Student Rights and Responsibilities

Adaptive Resolutions

The Office of Student Rights and Responsibilities provides Restorative Justice as a resolution for students going through the Student Conduct Process to address any harms, in addition to the existing student conduct adjudication process. The term "Restorative Justice" (RJ) in the context of Student Rights and Responsibilities (SRR) refers to a set of principles and practices that prioritize repairing harm and reconciling interpersonal relationships.

We encourage all students to explore this page and to familiarize themselves with the principles of restorative justice. By doing so, we can work together to create a safer and more inclusive campus community where all students can thrive.

  • What Is Restorative Justice?

    The Restorative Justice process is a response to student behavior that causes harm to members of the Chico State community. RJ works in conjunction with the Student Conduct Process, and Executive Order 1098 (PDF) (PDF). This process can have varied outcomes, and is significantly different from the formal or informal resolutions reached through the normal adjudication process outlined in the Code of Student Conduct.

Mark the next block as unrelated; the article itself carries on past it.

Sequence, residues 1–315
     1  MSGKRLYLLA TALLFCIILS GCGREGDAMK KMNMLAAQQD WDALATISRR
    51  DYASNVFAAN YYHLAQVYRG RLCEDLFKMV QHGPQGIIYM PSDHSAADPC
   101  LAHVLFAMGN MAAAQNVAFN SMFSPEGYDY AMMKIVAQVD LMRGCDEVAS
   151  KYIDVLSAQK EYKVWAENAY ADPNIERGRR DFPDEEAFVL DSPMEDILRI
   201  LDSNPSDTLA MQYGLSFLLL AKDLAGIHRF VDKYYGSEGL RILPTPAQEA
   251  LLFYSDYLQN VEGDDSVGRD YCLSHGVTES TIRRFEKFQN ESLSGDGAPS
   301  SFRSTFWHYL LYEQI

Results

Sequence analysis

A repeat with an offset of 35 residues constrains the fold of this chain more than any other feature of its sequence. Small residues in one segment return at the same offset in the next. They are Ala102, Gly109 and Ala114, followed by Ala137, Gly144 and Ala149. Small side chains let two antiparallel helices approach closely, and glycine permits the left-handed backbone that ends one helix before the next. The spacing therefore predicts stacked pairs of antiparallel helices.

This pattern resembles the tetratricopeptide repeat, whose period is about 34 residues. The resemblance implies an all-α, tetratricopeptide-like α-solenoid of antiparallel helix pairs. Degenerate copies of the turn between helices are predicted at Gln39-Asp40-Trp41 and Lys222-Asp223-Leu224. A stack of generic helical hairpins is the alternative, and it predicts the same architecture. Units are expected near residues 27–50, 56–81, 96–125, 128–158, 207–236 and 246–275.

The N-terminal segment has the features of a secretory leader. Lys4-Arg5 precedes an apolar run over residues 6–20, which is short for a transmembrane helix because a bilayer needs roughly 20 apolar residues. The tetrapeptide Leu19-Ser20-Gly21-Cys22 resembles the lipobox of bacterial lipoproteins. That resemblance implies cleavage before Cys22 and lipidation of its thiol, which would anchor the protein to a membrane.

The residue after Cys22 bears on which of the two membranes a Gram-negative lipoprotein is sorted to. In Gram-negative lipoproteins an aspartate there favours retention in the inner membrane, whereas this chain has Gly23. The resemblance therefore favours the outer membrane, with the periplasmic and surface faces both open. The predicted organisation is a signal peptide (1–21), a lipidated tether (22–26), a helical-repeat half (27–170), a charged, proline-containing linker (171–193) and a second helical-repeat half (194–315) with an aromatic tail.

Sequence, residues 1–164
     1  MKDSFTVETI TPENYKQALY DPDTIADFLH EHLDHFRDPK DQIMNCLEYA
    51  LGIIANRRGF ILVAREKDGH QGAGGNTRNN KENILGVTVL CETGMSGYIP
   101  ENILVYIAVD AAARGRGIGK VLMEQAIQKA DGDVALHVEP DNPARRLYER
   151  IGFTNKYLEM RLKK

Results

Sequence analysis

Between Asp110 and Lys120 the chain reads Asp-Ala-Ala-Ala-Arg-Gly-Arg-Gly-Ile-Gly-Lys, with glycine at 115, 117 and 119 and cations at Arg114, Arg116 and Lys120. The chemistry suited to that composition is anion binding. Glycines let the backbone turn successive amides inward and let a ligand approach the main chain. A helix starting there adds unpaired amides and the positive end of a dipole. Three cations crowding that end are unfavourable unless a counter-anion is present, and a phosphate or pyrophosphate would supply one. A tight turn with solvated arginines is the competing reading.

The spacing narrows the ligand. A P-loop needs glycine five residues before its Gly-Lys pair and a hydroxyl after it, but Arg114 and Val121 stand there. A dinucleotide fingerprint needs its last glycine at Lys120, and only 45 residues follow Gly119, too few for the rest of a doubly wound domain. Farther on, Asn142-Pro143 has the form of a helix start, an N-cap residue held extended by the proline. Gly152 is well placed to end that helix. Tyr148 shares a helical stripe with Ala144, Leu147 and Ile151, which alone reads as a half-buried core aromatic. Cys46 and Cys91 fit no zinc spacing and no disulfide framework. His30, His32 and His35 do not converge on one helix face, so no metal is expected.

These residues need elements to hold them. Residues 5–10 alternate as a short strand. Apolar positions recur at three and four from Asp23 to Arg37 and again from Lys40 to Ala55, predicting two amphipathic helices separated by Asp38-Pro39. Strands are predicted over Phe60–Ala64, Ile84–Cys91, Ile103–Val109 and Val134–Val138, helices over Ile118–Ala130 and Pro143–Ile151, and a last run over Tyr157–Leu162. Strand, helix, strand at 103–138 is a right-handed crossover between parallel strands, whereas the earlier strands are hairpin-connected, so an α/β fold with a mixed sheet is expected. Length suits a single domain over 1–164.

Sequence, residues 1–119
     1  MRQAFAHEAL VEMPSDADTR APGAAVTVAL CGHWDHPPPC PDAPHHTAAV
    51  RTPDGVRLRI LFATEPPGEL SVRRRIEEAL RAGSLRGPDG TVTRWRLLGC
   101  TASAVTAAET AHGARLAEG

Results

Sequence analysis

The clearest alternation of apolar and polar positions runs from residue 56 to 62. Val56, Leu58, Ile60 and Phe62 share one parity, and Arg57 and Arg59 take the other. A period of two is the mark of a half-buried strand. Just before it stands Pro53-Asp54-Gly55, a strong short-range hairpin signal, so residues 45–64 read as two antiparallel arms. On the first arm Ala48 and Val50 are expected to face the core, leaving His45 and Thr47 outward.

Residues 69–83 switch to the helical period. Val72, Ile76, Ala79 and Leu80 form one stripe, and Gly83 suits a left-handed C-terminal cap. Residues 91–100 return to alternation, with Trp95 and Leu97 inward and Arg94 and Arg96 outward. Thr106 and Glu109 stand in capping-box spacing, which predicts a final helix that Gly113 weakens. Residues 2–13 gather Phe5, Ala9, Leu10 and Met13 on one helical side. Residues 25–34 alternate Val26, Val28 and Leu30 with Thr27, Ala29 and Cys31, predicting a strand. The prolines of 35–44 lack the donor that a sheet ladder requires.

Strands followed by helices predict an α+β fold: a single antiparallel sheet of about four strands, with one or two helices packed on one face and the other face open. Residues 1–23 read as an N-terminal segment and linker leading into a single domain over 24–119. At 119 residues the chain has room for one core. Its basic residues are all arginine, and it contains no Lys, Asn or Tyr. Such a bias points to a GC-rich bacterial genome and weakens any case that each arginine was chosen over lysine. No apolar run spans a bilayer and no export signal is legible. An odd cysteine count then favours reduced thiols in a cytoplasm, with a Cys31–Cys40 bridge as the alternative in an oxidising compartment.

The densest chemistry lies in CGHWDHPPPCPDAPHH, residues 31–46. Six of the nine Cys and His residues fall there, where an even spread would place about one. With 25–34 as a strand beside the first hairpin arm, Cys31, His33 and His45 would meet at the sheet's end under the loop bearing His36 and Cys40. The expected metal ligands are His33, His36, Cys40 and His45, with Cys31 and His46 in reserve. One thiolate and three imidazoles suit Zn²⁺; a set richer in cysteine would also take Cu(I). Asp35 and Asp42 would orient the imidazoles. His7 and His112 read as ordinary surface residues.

On college and university campuses, restorative conferencing can be used to address a range of issues including sexual assault, hate speech, academic dishonesty, and bias incidents. SRR invites and embraces the active participation of all parties involved in order to create meaningful and individualized agreements (Adaptable Resolution Agreements) that promote accountability and healing. The process typically involves a trained facilitator who guides participants through a series of structured conversations and exercises. Restorative Justice has been shown to reduce recidivism rates and increase victim satisfaction.

  • Restorative Justice in the Native American Communities